would come along with his boom and do the same thing for the sound, for days on end. We had to separate sound and picture,
because Toni was so fascinated by the sound boom it distracted him too much when he was out on his forays.
Tomcat makes it very clear that a deep, emotional pain seizes hold of the body and permeates it. Filming the body the bodies
seems to have been one of the major tasks in the camerawork here.
HÄNDL KLAUS: That's something I find hard to describe; it was the same with Gerald when we filmed March. It's a matter of closeness at particular moments feeling with the characters, breathing, living with them. I remember
I was so grateful after the first take of All Blues, the love dance, for the way Gerald moved around with them uncut
it lasted almost 30 minutes that I said I would like to take it all just the way it was. And he said, joking, he wasn't
doing anything: the actors were panning towards him, not the other way around. Maybe that's the best way of describing it:
seen from the outside, it was three people dancing together at the same level, without any hierarchy, for themselves and for
each other and one of them happened to be holding a camera. The three of them were also alone in the room; the rest
of the team, including the assistant cameraman with the focus remote, were sitting in the next room with me in front of the
monitor. But on top of the actual filming he has the complete ability to throw himself into a project right from the start
from a much earlier stage than usual, I think. We began to talk about Tomcat right back when we were driving home from Tyrol, after the last day of filming March. During the preparatory phases we spend days and weeks in intense conversation, and there are lists of books and films we
work through together. And then we end up talking less and less, and on the set we hardly have to say anything; very often
everything just feels right between us without needing to put it into words.
The film is clearly characterized by its rhythm and the music. A rhythm thats not only dictated by ellipsis and omission
but at other times by taking a great deal of time for certain moments. How did the film develop, in editing and with the music,
into an entirety?
HÄNDL KLAUS: Working with Joana was once again very fine; we are so much in synch and after our experience on March, theres a confidence about what is being omitted. At some places in the script jump cuts had been specified, and with
the four plates at the beginning and their music, which is cut drastically, you can hear that too. On the other hand there
were islands, distinct in terms of resolution, when the decision was made to use uncut "real time", for example at the turning
points, and here the acting alone determines the rhythm of the film. And the sequences with Moses were quite an adventure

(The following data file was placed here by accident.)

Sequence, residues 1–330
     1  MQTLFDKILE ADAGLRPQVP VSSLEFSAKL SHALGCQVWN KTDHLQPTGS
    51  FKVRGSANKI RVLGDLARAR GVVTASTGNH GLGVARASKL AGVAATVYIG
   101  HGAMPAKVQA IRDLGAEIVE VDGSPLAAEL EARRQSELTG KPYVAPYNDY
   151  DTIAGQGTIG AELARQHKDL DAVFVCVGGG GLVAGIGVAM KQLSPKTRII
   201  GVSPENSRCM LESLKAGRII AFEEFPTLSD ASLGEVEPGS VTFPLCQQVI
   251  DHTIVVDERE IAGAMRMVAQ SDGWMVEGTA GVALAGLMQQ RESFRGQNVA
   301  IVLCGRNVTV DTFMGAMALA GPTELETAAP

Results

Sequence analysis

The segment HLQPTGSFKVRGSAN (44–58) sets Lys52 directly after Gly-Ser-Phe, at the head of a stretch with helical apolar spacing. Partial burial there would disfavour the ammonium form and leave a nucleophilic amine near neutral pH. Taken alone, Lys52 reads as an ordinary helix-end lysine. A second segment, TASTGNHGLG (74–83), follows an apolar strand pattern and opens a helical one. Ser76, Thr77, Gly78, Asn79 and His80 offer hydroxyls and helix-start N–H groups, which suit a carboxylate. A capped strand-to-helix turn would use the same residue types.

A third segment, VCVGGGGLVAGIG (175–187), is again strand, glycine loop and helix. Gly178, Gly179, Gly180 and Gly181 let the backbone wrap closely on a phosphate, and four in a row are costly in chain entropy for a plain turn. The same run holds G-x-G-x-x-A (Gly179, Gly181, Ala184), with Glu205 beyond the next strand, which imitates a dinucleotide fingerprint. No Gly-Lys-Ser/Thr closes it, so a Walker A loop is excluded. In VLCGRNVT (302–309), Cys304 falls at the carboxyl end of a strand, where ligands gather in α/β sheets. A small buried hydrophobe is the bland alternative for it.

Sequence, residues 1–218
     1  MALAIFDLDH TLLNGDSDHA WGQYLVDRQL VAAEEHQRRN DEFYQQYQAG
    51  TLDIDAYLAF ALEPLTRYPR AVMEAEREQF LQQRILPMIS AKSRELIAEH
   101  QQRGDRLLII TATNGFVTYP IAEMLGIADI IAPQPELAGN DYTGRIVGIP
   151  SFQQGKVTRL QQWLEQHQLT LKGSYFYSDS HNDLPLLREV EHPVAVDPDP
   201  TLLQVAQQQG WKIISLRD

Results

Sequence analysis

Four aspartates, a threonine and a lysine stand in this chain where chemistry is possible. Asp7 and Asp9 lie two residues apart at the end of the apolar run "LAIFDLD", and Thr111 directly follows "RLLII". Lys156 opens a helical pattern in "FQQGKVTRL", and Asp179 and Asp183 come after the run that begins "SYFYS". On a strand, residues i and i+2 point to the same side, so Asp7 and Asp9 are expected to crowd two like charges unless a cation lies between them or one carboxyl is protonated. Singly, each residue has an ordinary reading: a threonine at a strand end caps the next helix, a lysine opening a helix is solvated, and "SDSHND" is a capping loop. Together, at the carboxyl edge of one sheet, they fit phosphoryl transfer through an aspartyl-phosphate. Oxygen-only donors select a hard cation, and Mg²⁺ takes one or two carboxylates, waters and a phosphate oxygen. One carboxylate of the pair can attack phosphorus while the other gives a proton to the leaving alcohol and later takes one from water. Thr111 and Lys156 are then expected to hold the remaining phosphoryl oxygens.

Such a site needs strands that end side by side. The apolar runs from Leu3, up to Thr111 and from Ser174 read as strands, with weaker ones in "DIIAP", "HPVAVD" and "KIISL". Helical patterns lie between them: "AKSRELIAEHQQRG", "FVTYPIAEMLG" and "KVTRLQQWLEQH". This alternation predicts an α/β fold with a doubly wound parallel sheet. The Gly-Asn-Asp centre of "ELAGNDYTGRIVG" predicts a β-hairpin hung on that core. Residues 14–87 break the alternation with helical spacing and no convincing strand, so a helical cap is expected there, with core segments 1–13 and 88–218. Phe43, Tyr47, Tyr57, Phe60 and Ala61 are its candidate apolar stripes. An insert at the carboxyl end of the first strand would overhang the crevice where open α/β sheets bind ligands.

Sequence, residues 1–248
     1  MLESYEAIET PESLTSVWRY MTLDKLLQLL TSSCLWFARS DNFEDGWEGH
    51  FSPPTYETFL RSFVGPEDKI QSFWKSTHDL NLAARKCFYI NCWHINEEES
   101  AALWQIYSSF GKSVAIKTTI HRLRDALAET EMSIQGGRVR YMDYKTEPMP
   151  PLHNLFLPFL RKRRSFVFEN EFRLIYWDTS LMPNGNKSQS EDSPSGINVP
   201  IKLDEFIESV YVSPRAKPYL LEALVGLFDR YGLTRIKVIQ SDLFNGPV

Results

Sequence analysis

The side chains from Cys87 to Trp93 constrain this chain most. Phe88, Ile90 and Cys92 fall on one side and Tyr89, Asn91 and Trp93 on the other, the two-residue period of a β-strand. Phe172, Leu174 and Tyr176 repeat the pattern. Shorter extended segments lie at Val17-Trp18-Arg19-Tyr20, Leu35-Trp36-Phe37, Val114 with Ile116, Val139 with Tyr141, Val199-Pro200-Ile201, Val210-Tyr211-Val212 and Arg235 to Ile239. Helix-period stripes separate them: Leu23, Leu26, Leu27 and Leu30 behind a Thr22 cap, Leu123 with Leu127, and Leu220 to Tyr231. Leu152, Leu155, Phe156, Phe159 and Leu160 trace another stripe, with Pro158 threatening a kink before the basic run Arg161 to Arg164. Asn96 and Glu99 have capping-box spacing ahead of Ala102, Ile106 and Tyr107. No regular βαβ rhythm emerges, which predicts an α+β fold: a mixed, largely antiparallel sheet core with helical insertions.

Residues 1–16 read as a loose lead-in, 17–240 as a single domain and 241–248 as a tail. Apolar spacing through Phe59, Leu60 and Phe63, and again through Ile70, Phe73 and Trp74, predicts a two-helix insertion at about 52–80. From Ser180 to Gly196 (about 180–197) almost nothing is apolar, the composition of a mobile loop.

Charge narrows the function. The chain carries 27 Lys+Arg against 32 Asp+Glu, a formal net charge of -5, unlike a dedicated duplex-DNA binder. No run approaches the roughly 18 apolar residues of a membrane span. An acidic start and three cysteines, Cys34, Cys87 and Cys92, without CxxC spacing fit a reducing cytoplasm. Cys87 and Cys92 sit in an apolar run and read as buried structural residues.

in the editing room. We really had to take our time, trying something out, looking at it, losing track, getting back on track
all thanks to Joanas instinct. Then there was the separate world of the background sounds, which is crucial.
We brought some touches of contamination to the house in Paradise and shifted it closer to the city with street noise that
doesn't actually exist up there. But the most important sounds were in the house itself, the creaking of the old parquet floor.
With the couple dancing in silence, this creaking is their accompaniment, their music.
There is clearly biblical symbolism in the snake that destroys the two peoples innocent existence, and the tomcat as
the "foundling" Moses in his basket. We're dealing with expulsion from Paradise, but there is also the implication that Moses
is a possible rescuer or savior.
HÄNDL KLAUS: Although it is Moses himself who brings the snake into the house and Stefan, of all people, who makes a home for it
from stones! The really biblical aspect of Moses is his nakedness he does have his fur, but thats his nature
and that corresponds to the people walking around the house naked in a state of innocence. But Moses has a mind of
his own, and his own life.
The question of whether there can be reconciliation or healing is left open in Tomcat. It becomes clear in one conversation towards the end of the film what it means to accept another person in his entirety.
In that sense, more than March, Tomcat goes beyond the subject of grief and loss to become a film about love between two people since we also have references to
various relationships within the orchestra.
HÄNDL KLAUS: That conversation is like a re-organization, a turning point. It's when you face up to the situation and look at it together,
deliberately discussing something that's been bothering you and oppressing you for a long time something that is crucial
if you're going to carry on living together. For a long time everyday matters just take precedence, and you go through the
motions, but then it really does come down to decisive moments like that. And they just stop. The silhouette in the bath is
one such moment, before glancing in the mirror and on the grass in the garden, when Stefan comes back from the animal
shelter. And there are external actions that can heal something: when the "wicked tree" is cut into little pieces for firewood
I sigh with relief.
Interview: Karin Schiefer
Translation by Charles Osborne